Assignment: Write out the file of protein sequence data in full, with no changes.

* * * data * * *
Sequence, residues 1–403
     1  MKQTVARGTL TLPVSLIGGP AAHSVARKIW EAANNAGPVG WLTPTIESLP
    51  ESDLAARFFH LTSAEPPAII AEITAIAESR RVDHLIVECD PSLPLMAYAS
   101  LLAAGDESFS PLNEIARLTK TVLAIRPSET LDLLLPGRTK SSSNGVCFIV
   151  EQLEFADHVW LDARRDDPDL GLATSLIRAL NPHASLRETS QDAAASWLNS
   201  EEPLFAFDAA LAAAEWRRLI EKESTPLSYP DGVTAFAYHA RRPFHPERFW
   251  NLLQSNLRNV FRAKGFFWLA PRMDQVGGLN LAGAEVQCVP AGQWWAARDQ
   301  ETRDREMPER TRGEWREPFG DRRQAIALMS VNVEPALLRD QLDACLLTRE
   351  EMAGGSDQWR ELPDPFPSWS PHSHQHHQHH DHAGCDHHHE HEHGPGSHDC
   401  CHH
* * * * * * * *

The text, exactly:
Sequence, residues 1–403
     1  MKQTVARGTL TLPVSLIGGP AAHSVARKIW EAANNAGPVG WLTPTIESLP
    51  ESDLAARFFH LTSAEPPAII AEITAIAESR RVDHLIVECD PSLPLMAYAS
   101  LLAAGDESFS PLNEIARLTK TVLAIRPSET LDLLLPGRTK SSSNGVCFIV
   151  EQLEFADHVW LDARRDDPDL GLATSLIRAL NPHASLRETS QDAAASWLNS
   201  EEPLFAFDAA LAAAEWRRLI EKESTPLSYP DGVTAFAYHA RRPFHPERFW
   251  NLLQSNLRNV FRAKGFFWLA PRMDQVGGLN LAGAEVQCVP AGQWWAARDQ
   301  ETRDREMPER TRGEWREPFG DRRQAIALMS VNVEPALLRD QLDACLLTRE
   351  EMAGGSDQWR ELPDPFPSWS PHSHQHHQHH DHAGCDHHHE HEHGPGSHDC
   401  CHH